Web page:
Frame Game

Gays Against Nudity

San Francisco’s nudity ban shows gay households aren’t making society queer. They’re making gays bourgeois.

A nudist outside San Francisco’s city hall, protesting passage of the anti-nudity ordinance.

Photo by Josh Edelson/AFP/Getty Images

Ever since gay marriage became a plausible idea, opponents have predicted it would unravel society. There’d be runaway polygamy, bestiality, and public nudity. In 2008, as Californians debated a gay-marriage ballot measure, Americans For Truth About Homosexuality said it was “no coincidence that the man who took it upon himself four years ago to illegally and radically redefine marriage,” then-San Francisco Mayor Gavin Newsom, was promoting an event featuring “rampant public nudity.” This year, the Family Policy Institute of Washington warned that Referendum 74, which proposed to legalize same-sex marriage in Washington state, would “make marriage genderless” and lead to men using women’s locker rooms. The National Organization for Marriage, capitalizing on a nudist’s stunt, ran the headline: “The ‘Naked Cowboy’ Comes Out for Gay Marriage.” The Iowa Republican depicted same-sex marriage as a gateway to nudity, incest, and necrophilia.

The predictions haven’t panned out. Instead, gays have drawn a line. While voters in Washington and three other states endorsed same-sex marriage this month, residents of San Francisco’s Castro district, possibly the most gay-friendly place on Earth, persuaded the city’s board of supervisors to pass an ordinance restricting public nudity. The rise of same-sex households isn’t making society queer. It’s making gay people bourgeois.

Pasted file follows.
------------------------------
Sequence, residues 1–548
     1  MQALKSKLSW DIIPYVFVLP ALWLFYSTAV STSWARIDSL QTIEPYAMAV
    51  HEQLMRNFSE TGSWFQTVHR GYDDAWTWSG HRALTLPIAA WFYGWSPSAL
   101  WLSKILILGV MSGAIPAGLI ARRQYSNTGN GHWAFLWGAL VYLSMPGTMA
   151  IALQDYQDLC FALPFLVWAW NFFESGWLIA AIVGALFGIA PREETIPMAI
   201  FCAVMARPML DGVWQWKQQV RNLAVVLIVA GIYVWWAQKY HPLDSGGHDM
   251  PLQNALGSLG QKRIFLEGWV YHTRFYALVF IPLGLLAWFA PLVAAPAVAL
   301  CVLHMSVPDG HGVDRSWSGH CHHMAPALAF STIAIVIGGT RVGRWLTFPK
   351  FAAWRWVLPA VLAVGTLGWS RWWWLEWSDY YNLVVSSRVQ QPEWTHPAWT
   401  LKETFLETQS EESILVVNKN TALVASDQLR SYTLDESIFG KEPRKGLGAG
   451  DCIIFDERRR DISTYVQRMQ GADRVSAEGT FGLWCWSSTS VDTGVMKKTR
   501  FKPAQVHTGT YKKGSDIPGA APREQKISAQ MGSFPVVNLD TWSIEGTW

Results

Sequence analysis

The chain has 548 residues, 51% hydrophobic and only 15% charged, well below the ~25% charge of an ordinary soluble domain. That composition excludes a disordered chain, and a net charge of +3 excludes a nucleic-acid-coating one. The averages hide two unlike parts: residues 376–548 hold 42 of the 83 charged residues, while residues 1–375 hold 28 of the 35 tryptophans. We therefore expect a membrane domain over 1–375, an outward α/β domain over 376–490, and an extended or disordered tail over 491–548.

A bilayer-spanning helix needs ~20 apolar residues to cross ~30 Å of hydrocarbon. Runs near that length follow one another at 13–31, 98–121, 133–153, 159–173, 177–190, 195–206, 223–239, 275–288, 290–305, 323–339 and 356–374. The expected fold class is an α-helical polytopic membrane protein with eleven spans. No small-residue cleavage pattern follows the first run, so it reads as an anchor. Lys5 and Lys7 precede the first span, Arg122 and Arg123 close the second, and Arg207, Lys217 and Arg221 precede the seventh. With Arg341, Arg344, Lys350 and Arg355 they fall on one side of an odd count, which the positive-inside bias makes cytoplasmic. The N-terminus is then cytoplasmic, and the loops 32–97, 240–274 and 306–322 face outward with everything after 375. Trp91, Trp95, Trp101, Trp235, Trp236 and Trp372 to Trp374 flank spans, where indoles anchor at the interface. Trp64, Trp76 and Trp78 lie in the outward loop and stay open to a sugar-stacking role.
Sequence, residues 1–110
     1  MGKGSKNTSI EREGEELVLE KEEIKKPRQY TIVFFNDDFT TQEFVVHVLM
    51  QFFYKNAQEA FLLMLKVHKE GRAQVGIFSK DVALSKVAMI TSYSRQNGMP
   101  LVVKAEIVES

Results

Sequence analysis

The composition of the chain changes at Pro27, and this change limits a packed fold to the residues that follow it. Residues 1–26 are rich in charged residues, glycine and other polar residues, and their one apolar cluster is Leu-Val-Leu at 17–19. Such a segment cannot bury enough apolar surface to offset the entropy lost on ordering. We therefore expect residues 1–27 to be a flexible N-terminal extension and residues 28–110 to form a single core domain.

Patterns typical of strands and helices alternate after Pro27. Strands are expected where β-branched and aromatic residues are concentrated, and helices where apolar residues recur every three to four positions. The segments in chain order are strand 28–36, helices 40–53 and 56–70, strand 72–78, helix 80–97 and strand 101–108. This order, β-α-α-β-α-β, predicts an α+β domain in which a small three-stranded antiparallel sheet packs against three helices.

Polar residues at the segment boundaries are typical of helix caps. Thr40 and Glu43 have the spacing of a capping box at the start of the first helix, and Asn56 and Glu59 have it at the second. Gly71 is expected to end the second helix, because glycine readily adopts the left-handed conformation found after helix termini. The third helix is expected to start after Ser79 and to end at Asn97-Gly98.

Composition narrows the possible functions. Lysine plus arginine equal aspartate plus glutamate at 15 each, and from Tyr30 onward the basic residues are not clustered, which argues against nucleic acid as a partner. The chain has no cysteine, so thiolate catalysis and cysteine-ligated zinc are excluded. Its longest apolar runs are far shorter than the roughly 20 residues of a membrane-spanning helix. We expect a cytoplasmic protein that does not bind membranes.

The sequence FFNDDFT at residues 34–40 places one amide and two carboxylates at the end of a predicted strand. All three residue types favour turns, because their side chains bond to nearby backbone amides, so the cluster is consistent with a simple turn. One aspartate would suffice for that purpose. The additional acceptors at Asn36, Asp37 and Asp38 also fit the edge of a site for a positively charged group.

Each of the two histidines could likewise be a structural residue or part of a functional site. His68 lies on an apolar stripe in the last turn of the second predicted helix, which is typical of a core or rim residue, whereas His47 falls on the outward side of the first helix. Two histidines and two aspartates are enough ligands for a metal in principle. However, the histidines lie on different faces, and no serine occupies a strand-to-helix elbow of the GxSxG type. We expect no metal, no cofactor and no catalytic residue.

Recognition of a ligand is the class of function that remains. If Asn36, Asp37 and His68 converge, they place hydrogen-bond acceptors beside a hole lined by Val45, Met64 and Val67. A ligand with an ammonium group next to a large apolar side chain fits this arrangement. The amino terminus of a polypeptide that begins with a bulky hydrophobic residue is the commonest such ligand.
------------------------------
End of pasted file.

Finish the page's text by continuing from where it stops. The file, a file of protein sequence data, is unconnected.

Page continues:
San Francisco is famous for tolerating nudity. Men in chaps, jockstraps, and sometimes less stroll around at annual festivals such as the Gay Pride Parade, the Folsom Street Fair, and the Bay-to-Breakers street run. But what used to be a confined, occasional indulgence has become a chronic nuisance. Certain men, known as “the naked guys,” walk the streets and hang out daily at a busy Castro intersection, offending bystanders. It’s exactly what critics of same-sex marriage predicted.

What happened next, however, didn’t fit the prediction. The offended bystanders—most notably, gay men—asked the district’s representative, Supervisor Scott Wiener, to stop the naked guys. Last week, Wiener persuaded his colleagues on the Board of Supervisors to pass an ordinance making it illegal for anyone to “expose his or her genitals, perineum or anal region on any public street, sidewalk, street median, parklet or plaza.”

The proposed ban outraged nudists and libertarians. Many of them showed up at the board’s Nov. 5 and Nov. 20 meetings to charge Wiener with attacking free expression and trying to “Peoria-ize San Francisco.” They borrowed the rhetoric of the gay marriage movement, preaching “freedom,” “diversity,” “acceptance,” and “civil rights.” They accused the ban’s proponents of “hate,” “bigotry,” “shame,” “intolerance,” “fascism,” “dehumanization,” and “a war on gay men.” They said making people wear clothes was like making women wear burqas. They compared opponents of nudity to segregationists and Nazis.

Opponents of same-sex marriage have heard this language before. But this time, the libertarians weren’t up against the Christian right. They were up against the gay mainstream.